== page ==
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BUSINESS
July 27, 2010 | By Jason Garcia
The economy could be teetering on the edge of a double-dip recession, and theme parks are still tossing discounts at reluctant travelers. But there are encouraging signs from at least one small segment of consumers: the super-rich. New data compiled by American Express Business Insights, a unit of credit card giant American Express Co., suggests that what the company calls "ultra-affluent" consumers are beginning to open their wallets wider when inside theme parks — much more so than everyone else.
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BUSINESS
December 8, 2013 | By Alana Semuels
NEW YORK - The painting once hung in the Cleveland Museum of Art. And there was no shortage of people who wanted it in the crowded Christie's auction room. The artwork, "Women Reaching for the Moon," is a blur of a woman in a red dress. It was painted by Rufino Tamayo, the famed Mexican creator of abstract works that combine European and Latino influ- ences. Though bidding started at $500,000, it quickly reached $1 million. The standing-room-only crowd murmured as auctioneer Adrian Meyer parried with the remaining bidders, and workers wheeled in rows of extra chairs.
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BUSINESS
September 19, 2003 | Theresa Agovino, Associated Press
The economy is improving for the super rich. After two years of declines, the total net worth of America's richest people rose 10% to $955 billion this year from 2002, according to Forbes magazine's annual ranking of the nation's 400 wealthiest individuals. Microsoft Corp. founder Bill Gates, who remained in the top spot, personified the trend toward increasing wealth. His fortune increased $3 billion to $46 billion this year.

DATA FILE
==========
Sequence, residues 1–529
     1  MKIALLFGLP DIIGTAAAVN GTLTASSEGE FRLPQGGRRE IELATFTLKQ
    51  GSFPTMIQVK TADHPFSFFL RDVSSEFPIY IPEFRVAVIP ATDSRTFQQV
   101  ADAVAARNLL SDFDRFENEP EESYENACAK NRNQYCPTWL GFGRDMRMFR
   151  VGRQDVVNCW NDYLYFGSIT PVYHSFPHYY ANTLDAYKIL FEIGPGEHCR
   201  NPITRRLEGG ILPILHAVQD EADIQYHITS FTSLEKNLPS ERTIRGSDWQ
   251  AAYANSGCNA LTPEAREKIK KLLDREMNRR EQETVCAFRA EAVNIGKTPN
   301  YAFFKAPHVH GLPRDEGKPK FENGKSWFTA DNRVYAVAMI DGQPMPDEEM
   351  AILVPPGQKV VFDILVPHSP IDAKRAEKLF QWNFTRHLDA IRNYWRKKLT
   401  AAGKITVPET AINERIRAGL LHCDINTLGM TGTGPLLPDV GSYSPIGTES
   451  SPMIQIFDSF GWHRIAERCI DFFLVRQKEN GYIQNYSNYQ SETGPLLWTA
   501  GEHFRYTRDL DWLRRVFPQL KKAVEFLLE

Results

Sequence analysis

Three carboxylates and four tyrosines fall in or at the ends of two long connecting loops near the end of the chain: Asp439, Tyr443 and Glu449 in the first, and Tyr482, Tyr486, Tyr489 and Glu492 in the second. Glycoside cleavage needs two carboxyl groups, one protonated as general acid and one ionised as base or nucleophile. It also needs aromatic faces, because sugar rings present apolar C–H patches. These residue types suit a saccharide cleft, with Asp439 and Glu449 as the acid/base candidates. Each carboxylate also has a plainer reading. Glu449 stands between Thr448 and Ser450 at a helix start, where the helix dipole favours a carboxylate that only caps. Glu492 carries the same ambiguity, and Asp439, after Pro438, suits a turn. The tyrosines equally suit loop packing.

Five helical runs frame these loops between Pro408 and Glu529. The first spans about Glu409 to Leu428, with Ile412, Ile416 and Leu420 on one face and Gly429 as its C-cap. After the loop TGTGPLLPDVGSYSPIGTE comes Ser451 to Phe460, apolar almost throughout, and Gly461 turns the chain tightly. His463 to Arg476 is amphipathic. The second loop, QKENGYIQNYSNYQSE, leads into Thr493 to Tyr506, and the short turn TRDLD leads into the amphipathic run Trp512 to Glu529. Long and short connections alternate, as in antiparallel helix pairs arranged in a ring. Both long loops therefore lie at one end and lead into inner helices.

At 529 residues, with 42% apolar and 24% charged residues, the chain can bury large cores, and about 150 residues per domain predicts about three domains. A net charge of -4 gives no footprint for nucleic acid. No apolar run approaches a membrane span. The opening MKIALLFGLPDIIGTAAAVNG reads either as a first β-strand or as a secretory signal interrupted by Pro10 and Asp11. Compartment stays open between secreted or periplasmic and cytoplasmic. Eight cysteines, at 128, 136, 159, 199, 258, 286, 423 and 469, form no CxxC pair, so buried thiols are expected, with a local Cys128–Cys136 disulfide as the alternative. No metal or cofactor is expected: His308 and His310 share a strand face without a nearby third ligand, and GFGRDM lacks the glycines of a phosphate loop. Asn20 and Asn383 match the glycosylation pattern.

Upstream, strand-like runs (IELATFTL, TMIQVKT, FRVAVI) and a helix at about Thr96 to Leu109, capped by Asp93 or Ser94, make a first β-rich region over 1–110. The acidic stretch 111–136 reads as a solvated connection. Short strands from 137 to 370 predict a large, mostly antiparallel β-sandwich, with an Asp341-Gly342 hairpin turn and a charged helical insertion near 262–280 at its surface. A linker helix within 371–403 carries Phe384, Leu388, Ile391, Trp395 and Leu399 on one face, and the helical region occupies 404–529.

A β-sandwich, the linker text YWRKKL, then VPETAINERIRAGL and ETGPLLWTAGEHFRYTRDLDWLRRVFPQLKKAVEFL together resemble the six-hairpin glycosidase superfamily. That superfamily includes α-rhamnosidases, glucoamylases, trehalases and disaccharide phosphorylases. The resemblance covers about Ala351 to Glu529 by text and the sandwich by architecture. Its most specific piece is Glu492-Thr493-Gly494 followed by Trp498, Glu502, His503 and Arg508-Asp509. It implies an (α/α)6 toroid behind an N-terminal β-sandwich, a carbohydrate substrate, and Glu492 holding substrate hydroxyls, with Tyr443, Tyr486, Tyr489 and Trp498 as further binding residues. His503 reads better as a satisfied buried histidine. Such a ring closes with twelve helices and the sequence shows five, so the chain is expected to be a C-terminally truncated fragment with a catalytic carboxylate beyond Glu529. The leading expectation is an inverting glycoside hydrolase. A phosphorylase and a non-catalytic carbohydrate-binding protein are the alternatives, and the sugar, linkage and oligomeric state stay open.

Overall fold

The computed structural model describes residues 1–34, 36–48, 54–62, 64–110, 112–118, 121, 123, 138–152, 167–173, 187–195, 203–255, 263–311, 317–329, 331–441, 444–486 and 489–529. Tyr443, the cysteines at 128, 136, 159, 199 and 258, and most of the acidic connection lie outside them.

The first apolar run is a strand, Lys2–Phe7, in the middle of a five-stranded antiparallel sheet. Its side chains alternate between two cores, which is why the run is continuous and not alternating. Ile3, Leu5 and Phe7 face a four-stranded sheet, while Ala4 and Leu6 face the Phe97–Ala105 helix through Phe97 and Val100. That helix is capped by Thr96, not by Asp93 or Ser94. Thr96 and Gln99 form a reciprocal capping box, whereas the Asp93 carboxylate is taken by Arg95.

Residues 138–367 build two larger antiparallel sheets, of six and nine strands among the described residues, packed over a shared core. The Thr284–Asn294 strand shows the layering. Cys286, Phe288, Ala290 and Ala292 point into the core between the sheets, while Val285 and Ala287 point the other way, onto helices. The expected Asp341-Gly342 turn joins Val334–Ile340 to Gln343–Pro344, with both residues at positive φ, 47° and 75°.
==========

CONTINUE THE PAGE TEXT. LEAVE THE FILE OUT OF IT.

BUSINESS
September 14, 2013 | By Tom Petruno
Never let a crisis go to waste, says an old rule of politics. For some major players in the economy, the financial crisis that began five years ago this month with Lehman Bros.' collapse turned out to be as much an opportunity as a calamity. Although the memories that the anniversary evoke are overwhelmingly grim - cascading home foreclosures, bank failures, massive layoffs, diving stock prices - five years later some spectacular winners have emerged from the maelstrom, along with a more familiar list of pitiable losers.
SPORTS
August 30, 2009 | GRAHAME L. JONES
In the end, it always comes down to money. But before we go down that route, take a glimpse back to Friday night and a game played in a locale where the dollars are piled higher than in most places on the planet -- the Stade Louis II in the casino-fueled principality of Monaco. Up in the stands, Michel Platini, the French president of UEFA, was hobnobbing with royalty, in this case Monaco's Prince Albert II, who had wandered down from his palace just to the north of the stadium.
OPINION
July 6, 1997
With regard to Robert Scheer's July 1 Column Left on the hypocrisy of American policy vis-a-vis Vietnam and China: What else would you expect from a government that destroys the safety net for the poor and hands the super-rich the biggest welfare package in 16 years? Washington is hypocritical. JOAN MEIJER-HIRSCHLAND Los Angeles
CALIFORNIA | LOCAL
June 13, 1997
George Skelton says we should celebrate that Prop. 208 has prevented politicians from fund-raising for five months (Capitol Journal, May 28), so why do I feel like crying? As he points out, politicians will now start raising money from fat cats again. Instead of $500 contributions, the limits will be $1,000! In fact, Skelton forgot to mention the loophole that he has reported on previously which allows the super-rich to channel $5,000 contributions through the political parties to candidates.